Then their journey continued on to Vikna, the destination that mattered the most to them. What feelings must have stirred in their breasts when they saw those familiar places again? Mr. Cornelius did not speak much of it, but it must have seemed to him as if he had just woken up from a long slumber and found everything changed. People who were relatively young when he left Norway forty-six years ago were now almost all dead and gone. And of those who were his age, there were just a few remaining. However, the islands, islets, and seaweed-strewn beaches were still the same as they were before. The infinite sea, which encircled them like a wreath, rolled its massive foam-topped waves across the shore and sent foamy spray high as it broke onto the rocky coast of Ytter Vikna. At old Lysøviken the waves were probably not that loud now in the summertime. But he had probably heard enough of that familiar sound to stir his memories. It was at Lysøviken that his father closed his eyes for the last time about sixty or seventy years ago.

Mr. and Mrs. Cornelius used their time well on Vikna. They went from place to place talking to people and brought greetings from relatives and friends here in Minneapolis. We are very grateful to them for that.

“We had a great time on Vikna,” said Casper. “The people were very accommodating to us. The most striking virtues of the people there were hospitality and cleanliness.” (Hence, we can conclude that they had not become more acquainted with the catch that Fru Guru brought in of an evening, as described by the poet Petter Dass in “Nordland’s Trumpet.”)

After this short stay on Vikna, they traveled south again to embark on a trip to the North Cape on the “Stavangerfjord.”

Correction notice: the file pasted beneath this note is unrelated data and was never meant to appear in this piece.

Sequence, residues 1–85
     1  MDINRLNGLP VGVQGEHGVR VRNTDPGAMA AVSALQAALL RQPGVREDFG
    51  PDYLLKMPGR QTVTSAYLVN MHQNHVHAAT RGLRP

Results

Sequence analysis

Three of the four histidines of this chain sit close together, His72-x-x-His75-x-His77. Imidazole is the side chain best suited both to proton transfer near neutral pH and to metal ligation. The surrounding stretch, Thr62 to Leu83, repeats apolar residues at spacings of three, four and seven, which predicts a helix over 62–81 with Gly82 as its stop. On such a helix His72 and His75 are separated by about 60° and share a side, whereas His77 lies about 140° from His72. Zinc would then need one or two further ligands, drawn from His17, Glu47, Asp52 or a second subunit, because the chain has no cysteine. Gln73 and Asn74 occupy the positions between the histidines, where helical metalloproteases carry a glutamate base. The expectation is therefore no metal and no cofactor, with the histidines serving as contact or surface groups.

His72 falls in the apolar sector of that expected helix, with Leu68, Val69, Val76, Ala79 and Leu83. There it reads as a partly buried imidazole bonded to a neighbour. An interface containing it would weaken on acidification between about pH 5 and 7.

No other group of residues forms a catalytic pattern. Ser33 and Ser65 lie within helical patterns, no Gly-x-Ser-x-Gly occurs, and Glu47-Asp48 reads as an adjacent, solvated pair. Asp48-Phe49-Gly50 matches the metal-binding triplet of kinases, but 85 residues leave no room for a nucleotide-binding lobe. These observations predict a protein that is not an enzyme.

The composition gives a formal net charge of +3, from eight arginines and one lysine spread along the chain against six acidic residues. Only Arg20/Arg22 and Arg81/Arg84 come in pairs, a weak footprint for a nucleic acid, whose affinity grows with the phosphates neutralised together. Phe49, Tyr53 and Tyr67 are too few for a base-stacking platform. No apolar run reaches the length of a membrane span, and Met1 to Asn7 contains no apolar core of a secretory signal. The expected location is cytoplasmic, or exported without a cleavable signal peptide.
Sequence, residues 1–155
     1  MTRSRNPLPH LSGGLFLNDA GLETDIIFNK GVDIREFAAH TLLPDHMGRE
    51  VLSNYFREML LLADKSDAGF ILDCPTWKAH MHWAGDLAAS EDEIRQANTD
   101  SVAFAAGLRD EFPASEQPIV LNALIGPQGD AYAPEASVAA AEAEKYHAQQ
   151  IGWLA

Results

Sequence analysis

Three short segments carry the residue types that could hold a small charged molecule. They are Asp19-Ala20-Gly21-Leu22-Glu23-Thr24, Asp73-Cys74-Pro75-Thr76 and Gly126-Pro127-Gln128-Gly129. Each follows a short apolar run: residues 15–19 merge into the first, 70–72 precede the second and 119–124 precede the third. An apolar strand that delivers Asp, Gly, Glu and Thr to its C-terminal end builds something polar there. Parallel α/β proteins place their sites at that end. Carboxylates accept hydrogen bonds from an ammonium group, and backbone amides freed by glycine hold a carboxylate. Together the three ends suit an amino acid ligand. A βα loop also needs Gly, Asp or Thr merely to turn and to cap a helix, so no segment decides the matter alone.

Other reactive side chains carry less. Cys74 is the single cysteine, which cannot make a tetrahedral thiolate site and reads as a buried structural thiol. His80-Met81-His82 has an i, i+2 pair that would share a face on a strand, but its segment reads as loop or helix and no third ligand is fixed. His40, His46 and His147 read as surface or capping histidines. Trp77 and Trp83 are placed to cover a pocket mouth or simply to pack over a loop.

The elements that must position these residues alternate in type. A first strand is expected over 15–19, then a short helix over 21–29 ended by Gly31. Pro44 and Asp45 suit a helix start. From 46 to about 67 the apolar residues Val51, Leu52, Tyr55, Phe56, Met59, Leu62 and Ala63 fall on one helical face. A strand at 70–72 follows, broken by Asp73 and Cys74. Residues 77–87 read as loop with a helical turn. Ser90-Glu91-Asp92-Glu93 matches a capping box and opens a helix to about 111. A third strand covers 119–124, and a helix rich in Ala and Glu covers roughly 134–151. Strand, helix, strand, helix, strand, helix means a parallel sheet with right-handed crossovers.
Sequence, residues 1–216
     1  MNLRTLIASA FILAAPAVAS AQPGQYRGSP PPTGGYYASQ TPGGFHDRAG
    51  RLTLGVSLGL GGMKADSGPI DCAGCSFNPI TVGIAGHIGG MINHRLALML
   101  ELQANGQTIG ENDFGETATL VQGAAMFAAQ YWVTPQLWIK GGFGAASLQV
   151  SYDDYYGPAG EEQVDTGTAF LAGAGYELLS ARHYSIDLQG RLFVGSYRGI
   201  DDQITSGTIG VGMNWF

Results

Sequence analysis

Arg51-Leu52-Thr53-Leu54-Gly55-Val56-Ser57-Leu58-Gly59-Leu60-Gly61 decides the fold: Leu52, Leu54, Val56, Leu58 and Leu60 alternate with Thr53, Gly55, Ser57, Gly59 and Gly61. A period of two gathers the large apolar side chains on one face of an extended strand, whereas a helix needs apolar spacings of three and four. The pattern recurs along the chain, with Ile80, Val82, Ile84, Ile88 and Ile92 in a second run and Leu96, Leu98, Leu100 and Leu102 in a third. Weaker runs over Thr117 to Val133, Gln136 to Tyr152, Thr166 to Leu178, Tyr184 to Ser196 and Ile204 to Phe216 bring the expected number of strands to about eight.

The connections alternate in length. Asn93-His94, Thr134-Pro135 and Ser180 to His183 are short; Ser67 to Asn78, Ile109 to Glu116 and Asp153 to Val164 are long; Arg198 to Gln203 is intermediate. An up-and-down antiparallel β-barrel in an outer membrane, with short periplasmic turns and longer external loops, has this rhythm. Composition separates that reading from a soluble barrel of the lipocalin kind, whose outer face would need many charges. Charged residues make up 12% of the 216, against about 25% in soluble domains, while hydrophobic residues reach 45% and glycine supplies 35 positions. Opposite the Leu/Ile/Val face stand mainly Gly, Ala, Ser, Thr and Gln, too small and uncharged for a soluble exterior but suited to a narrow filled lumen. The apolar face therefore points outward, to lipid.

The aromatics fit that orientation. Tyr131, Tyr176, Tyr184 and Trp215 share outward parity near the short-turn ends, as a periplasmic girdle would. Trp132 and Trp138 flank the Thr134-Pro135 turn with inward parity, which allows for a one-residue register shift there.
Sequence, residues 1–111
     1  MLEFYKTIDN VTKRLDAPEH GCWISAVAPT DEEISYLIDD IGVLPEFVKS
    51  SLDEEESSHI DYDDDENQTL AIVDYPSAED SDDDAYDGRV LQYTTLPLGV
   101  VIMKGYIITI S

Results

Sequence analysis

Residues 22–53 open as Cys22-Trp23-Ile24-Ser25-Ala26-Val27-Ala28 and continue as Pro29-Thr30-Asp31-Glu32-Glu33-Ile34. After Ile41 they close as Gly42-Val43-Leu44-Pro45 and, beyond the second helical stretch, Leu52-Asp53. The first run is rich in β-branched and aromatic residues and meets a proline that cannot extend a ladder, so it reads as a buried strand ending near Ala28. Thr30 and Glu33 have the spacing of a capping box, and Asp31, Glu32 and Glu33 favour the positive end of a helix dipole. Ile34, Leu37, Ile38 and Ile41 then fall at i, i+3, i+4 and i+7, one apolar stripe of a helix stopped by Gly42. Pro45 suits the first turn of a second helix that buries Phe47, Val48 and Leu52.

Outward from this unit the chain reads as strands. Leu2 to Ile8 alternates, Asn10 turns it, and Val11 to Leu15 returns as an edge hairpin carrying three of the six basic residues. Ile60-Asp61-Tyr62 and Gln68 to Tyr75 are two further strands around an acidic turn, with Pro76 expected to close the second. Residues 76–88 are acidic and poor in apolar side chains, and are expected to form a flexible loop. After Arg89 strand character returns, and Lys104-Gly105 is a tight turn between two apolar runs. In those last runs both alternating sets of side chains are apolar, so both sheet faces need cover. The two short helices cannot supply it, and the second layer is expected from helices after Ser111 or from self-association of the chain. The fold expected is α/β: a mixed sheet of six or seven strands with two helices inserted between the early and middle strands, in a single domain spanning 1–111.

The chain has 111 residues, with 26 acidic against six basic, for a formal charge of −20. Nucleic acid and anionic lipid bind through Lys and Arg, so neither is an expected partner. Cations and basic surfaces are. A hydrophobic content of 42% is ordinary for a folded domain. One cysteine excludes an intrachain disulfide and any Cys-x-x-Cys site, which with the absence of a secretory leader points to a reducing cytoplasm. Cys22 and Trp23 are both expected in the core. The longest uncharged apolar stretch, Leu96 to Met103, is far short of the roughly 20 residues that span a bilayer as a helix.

It was during this trip that Mr. Cornelius had an interesting experience. He was able to tell an old story about Hestmunk Kallen, Lekkea Møia, and the Torghatten through the microphone of the ship’s radio station. [3] He had heard this tale when he was just a young boy, but despite the years he remembered it well. It was also during this tour that they had an experience that many of our Norwegian-born men and women have longed for over the years — the sight of the glorious midnight sun casting its golden gleam over land and sea. It seemed as if day was enshrouded in the peace of night. Hundreds of the ship’s passengers, people from all over the world, stood on the deck at the midnight hour, watching this enchanting sight as music echoed across the still sea. Imagine what a moment that was! We understand our friend Casper Cornelius very well when he says the memory of that night will never fade as long as he lives. During the Nordland trip they visited many locations, including Tromsø, where they visited the splendid museum there. They also went to Hammerfest, among other places.

After returning to Oslo on the “Stavangerfjord” they took the train north to Trondheim, where on this occasion they visited Johannes Horsfjord and his family in their home on Ladehammeren mountain. [4] Then they traveled on to Lekka, where they visited relatives and friends of Mrs. Cornelius. They attended a church service in the church where she was a member before she was married. They also visited Lars Beniamensen Kvalø. It was there at his farm that a little girl, Svanhild Hansen from Hortavær, was abducted by an eagle earlier that summer. After visiting everyone they knew on Lekka and in the surrounding area, they made a trip to Hortavær, where Mrs. Cornelius was born. Hortavær is a group of 365 islands, with a population of approximately 100. There is a chapel there built by an Englishman named Arnestad. Mr. and Mrs. Cornelius had a wonderful time among the fisher folk out there on Hortavær.

Finally they made a return trip to Vikna, where this time they visited Pastor A. Fikkan, Lensmann [5] A. Østnes, and Karl Severeide, as well as our old school teacher Jørginus Ofstad. They also gave their regards to Andreas Benjamensen, Hans Farnes, our friend Paul Woxeng, and many more, including my own mother and siblings in Rørvik.